Robert Frost said that poetry is what gets lost in translation, but for Ayat al-Qurmezi and her fellow dissident poets, the message is quite clear.
John Moore/Getty Images
On Sunday, for the first time since January 25, the Arab world's attention was riveted not on scenes of protesters castigating their own governments, but on much more familiar imagery: that of Palestinians resisting Israeli occupation.
For months, Palestinian and Arab activists had planned to mark May 15 -- Youm an-Nakba or "Day of the Catastrophe," which usually takes place the day after Israel's independence celebrations -- with a civilian march on the occupied territories. For Arabs, Nakba Day represents a day of mourning, a time to commemorate the expulsion during the 1948 war of Palestinians from their villages and homes, press for the right of refugees to return, and denounce the Jewish state.
In past years, Nakba Day has generally passed without much fanfare: demonstrations around the world and in Palestinian villages, occasional attempts to march on Israeli-held territory, met with force.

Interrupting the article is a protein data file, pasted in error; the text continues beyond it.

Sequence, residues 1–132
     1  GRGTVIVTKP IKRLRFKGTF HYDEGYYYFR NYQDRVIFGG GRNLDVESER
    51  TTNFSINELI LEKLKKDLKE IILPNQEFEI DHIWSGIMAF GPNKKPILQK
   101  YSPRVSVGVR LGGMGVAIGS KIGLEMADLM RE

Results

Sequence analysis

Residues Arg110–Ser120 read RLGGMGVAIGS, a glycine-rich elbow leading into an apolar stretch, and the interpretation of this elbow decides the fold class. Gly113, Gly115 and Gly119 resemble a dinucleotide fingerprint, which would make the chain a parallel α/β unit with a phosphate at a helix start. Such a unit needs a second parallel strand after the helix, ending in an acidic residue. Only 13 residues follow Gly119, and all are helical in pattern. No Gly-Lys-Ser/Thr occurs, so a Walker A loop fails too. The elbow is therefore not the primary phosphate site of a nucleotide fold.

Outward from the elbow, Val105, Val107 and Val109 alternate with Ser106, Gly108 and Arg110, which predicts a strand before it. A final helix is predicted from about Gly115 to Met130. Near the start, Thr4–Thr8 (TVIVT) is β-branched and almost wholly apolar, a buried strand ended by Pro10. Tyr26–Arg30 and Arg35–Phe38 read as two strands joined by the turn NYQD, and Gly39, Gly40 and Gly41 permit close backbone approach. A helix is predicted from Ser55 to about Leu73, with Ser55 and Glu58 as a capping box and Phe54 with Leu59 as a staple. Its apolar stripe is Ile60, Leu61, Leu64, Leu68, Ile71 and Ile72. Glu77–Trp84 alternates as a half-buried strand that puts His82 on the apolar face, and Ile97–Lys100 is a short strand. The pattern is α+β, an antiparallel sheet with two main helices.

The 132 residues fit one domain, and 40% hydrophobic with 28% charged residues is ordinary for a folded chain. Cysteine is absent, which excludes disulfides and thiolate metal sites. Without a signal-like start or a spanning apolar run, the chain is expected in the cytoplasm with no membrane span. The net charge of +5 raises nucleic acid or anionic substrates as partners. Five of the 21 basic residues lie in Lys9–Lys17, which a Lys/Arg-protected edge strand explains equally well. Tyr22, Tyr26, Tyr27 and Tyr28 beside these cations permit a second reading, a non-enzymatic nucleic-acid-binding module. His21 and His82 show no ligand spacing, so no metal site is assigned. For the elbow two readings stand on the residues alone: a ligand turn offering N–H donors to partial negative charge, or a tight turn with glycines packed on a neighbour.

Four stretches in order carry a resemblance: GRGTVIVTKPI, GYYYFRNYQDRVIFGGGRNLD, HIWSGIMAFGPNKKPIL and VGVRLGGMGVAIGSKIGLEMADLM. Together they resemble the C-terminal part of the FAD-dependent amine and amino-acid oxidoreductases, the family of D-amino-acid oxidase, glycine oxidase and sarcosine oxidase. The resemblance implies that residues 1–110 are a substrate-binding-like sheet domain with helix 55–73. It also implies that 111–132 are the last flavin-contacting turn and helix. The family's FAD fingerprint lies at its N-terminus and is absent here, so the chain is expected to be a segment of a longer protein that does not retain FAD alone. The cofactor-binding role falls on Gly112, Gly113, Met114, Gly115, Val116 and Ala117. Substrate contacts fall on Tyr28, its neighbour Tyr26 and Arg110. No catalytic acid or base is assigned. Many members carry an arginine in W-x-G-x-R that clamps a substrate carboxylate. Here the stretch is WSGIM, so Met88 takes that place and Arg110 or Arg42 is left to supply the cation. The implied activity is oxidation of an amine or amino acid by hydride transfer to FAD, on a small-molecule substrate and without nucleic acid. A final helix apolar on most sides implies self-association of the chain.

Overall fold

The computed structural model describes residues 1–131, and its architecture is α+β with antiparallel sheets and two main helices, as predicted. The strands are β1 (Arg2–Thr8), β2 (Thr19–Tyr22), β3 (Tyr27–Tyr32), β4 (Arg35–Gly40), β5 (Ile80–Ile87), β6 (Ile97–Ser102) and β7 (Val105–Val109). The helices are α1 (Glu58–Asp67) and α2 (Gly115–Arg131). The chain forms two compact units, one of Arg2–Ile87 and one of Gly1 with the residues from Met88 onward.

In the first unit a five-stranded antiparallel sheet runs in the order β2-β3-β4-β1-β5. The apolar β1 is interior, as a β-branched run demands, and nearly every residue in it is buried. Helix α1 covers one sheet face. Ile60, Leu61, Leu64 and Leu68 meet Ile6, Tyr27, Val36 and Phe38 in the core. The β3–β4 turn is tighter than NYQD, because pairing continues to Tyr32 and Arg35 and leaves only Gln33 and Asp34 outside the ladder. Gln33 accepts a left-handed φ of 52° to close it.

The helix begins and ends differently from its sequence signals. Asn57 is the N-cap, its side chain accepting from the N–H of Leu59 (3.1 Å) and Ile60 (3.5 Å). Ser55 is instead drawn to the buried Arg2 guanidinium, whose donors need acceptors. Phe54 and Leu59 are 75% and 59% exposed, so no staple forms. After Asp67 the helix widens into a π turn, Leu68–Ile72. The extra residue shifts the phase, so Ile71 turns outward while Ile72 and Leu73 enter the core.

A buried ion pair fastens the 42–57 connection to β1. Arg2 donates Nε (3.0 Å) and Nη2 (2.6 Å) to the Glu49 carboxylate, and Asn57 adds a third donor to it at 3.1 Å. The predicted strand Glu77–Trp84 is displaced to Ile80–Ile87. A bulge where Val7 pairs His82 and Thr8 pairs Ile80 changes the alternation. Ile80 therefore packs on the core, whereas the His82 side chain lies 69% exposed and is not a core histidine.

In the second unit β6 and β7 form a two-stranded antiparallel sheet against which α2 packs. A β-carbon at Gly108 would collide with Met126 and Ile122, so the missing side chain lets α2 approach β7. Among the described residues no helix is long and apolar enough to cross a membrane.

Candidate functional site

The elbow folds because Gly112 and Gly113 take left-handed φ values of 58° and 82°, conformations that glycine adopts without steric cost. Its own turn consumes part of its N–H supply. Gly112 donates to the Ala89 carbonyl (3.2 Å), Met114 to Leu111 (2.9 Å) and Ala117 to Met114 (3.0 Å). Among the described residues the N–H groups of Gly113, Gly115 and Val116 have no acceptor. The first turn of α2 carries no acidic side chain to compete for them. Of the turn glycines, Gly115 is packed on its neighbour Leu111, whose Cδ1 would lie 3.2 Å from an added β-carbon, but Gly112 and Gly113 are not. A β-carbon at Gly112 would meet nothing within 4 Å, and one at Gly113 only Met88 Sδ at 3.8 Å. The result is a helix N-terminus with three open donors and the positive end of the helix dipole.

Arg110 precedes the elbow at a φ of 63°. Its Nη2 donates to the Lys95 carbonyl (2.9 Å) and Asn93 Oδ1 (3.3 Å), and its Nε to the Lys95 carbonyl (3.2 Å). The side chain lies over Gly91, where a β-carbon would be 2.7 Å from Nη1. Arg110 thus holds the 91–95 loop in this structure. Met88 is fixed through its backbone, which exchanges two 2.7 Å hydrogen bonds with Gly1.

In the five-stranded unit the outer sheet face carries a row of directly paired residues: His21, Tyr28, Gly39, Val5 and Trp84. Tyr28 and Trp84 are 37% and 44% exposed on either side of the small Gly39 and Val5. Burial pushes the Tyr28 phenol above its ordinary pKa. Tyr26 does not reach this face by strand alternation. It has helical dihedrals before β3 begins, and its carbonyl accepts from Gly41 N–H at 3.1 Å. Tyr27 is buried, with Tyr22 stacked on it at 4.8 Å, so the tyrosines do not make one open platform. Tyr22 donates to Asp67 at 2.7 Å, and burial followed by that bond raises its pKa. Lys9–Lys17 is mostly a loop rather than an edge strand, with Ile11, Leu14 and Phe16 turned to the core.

But this is 2011, and things were rather different on Sunday. In Lebanon, a group of hundreds of Palestinian refugees tried to stream across the border and were fired upon by both Israeli and Lebanese troops. Near the Erez crossing in Gaza, IDF soldiers fired on Palestinians seeking to cross into Israel. Near Ramallah in the West Bank, a large crowd battled tear-gas-wielding riot troops with rocks and Molotov cocktails. And in Syria, another large crowd swarmed over the fence along the disputed line that separates the two countries and made it into Majdal Shams, a Druze village in the Golan Heights, before being rounded up by the IDF. (Jordan and Egypt prevented smaller crowds from reaching the border.) Altogether, more than a dozen Palestinians were killed and dozens more wounded by live fire, according to the New York Times.
Al Jazeera Arabic went large with its coverage, deploying a split screen to show the events live, while thousands more followed developments on Twitter using the #nakba tag. So did Syrian state television, happy to change the subject from the domestic demonstrations of the last few months. Hezbollah leader Hassan Nasrallah hailed the protesters, addressing them directly: "You are adamant to liberate your land no matter how many sacrifices you make and the fate of this [Jewish] entity is to fade." Hamas declared the onset of a third intifada; its leader in Gaza, Ismail Haniya, declared that changes sweeping the region would "lead to the collapse of the Zionist project in Palestine and victory for the program of the nation." Meanwhile, in Cairo, Egyptian security forces violently dispersed a large crowd demonstrating in front of the Israeli Embassy, arresting a number of well-known revolutionary Twitterati.